Budgeting, Planning & Forecasting

Budgeting, Planning & Forecasting

April 26, 2011

Harvard Grad Student Introduces Fast Solution for Splitting the Rent

It can be a tricky situation. You just moved into your dream New York City apartment with a stranger you found on Craigslist and are trying to figure out how to fairly divide the rent – after all, her bedroom is twice the size of yours but your bedroom has a private bathroom.

So should she pay more for her ample closet space or should you pay more because you only need to travel five feet to use the restroom?

Luckily for all those stressed roommates out there, Harvard grad student Jonathan Bittner has a less awkward way to determine who should pay what – SplitTheRent.com.

SplitTheRent, which first made headlines this February, offers a rent-splitting calculator that takes into account size and quality of bedrooms to divide rent fairly among housemates. The mission of the site is to keep track of rent and expenses for you and your housemates to ensure that there is “no confusion, no stress, no arguments,” according to the site.

“On two different occasions I've shared an apartment with my girlfriend and another roommate, and we had to figure out a fair way to split the rent,” Bittner told TMCnet. “I love to think about ethics, and I'm a math nerd, so I started thinking of about what fairness formula rent-sharing should be based on.”

The 26-year-old first sent a survey to his friends asking them to determine what housing features should be weighed the most heavily when it comes to deciding who pays what for rent. He then created a Web-based calculator that relies on algorithms to tell you how much each tenant owes.

“I thought it was kind of a funny idea, but when I posted the rent-calculator and the survey, people really liked it and found that it helped them evaluate fairness in this awkward social situation,” Bittner said.

From there SplitTheRent took off.

The new site (it was formerly SplitTheRent.org) is a collaboration between Bittner and Yale Computer Science student Ryan Laughlin, who has joined SplitTheRent as a design and technical co-founder for the development of the site.

This week, SplitTheRent announced that it is launching a beta version of a free bill-tracking service.

So how does it work?

Each month, SplitTheRent tells roommates how much they owe for rent and bills, and who needs to be paid back. It organizes everything on a single page, so that users can see their apartment expenses at a glance.

The homepage lets users create a free account to store and share expenses with housemates. Each user adds shared expenses on SplitTheRent.com using a computer or mobile device, so that one housemate isn’t stuck with the responsibility of tracking finances for the group. Automated emails remind users of payment due dates and eliminate the unpleasant duty of “being the bad guy” who has to remind housemates when they owe money. The site even confirms with the person responsible for writing the rent check to make sure that it's been sent each month.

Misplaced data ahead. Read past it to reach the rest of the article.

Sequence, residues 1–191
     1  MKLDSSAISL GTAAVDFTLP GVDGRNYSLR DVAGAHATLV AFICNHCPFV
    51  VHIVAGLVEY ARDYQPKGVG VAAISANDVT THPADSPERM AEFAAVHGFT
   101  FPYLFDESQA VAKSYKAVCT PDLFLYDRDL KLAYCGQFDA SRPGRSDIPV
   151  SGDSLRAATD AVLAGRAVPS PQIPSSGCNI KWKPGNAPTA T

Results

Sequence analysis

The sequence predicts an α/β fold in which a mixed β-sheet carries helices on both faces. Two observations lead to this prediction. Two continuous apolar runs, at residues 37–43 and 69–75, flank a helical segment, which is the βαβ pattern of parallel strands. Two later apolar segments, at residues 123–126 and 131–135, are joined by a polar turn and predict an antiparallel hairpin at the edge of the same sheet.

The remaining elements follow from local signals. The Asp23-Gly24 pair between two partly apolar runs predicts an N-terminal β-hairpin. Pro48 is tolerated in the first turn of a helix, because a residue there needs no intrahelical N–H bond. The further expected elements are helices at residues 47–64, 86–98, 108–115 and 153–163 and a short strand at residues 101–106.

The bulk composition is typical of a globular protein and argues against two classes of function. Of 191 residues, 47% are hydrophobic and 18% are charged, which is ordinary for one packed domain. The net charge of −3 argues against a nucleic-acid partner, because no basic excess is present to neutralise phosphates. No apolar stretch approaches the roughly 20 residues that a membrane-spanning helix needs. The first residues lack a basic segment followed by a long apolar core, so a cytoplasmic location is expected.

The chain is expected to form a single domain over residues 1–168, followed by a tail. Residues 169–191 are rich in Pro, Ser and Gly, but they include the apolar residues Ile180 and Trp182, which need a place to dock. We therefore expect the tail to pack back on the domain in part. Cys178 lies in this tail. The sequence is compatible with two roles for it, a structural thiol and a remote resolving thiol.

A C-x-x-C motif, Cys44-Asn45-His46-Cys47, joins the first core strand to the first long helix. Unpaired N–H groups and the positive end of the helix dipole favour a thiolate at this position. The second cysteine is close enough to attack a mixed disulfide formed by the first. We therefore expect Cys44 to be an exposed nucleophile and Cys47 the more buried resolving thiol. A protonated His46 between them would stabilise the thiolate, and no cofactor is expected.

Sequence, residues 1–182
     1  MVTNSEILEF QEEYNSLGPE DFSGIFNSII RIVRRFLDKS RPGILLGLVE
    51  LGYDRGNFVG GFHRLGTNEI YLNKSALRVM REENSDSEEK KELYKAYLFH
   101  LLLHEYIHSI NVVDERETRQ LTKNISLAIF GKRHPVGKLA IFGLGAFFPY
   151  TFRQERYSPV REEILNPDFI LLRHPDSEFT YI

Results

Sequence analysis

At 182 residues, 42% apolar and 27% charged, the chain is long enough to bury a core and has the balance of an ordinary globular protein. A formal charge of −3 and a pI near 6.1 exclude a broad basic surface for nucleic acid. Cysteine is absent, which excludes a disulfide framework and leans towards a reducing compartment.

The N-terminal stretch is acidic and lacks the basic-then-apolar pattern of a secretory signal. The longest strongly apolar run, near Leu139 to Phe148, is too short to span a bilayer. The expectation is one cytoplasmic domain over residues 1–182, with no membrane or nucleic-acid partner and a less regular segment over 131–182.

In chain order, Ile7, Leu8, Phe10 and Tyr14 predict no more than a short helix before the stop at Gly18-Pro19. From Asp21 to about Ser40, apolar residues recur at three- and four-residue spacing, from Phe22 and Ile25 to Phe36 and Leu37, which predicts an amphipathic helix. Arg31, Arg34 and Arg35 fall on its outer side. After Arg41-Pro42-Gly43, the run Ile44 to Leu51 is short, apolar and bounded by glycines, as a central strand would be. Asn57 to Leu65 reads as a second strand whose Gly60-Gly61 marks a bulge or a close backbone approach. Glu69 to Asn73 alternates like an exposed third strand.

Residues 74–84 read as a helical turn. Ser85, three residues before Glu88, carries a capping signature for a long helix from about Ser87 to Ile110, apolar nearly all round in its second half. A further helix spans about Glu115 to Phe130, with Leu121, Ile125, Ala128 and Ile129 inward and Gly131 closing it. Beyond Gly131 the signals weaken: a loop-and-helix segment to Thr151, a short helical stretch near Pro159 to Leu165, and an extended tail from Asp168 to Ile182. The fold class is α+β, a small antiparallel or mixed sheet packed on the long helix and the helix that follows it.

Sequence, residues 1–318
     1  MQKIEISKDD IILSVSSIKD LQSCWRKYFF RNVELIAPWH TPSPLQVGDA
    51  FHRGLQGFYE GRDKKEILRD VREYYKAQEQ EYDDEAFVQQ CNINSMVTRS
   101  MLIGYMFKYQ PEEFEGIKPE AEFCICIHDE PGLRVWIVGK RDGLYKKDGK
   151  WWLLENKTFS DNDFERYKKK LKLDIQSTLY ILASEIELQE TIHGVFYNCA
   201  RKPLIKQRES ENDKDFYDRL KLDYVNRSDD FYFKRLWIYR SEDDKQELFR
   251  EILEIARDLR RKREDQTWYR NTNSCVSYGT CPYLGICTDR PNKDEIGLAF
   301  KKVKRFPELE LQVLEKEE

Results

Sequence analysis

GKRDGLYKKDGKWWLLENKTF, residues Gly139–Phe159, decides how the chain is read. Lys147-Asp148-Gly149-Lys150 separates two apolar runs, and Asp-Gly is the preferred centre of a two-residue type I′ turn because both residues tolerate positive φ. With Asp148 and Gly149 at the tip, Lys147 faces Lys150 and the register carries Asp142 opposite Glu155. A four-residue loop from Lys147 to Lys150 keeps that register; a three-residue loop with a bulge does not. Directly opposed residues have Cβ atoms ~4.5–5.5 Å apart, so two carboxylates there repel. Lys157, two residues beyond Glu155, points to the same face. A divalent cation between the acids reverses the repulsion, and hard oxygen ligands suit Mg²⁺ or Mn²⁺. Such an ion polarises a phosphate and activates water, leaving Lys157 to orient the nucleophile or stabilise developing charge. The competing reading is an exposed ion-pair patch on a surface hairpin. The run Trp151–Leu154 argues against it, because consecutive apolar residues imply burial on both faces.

SplitTheRent also boasts a super-simple interface which makes everything visible on one page;

a “quick-add” for expenses written in plain English, for example “Electric Bill 50,” and tracking for who writes the rent check and whether or not it has been sent.

When asked who may find this site particularly useful, Bittner told TMCnet that the possibilities are endless.

“The site now organizes bills and other expenses too, so it's really for any group of students or young professionals living together and settling their debts each month,” he said. “Big groups of people splitting really large houses will probably find it especially useful. It's also great for couples who want to manage shared expenses without a shared bank account – that's actually what I use it for.”

This summer, Bittner has plans to expand SplitTheRent by adding online payment tools and a mobile app.

“This summer, we'll be adding an online payment tool and mobile versions of the site so that it takes even less time to deal with rent and sharing expenses,” he said. “We are also adding new fairness tools each week, for things like dividing up furniture, splitting electric bills and valuing parking spots.”

“Ultimately, we want the headache of sharing a house or apartment to barely require your attention and for things to just take care of themselves – that's the dream,” he added.

Carrie Schmelkin is a Web Editor for TMCnet. Previously, she worked as Assistant Editor at the New Canaan Advertiser, a 102-year-old weekly newspaper, covering news and enhancing the publication's social media initiatives. Carrie holds a bachelor's degree in journalism and a bachelor's degree in English from the S.I. Newhouse School of Public Communications at Syracuse University. To read more of her articles, please visit her columnist page.

Edited by Rich Steeves

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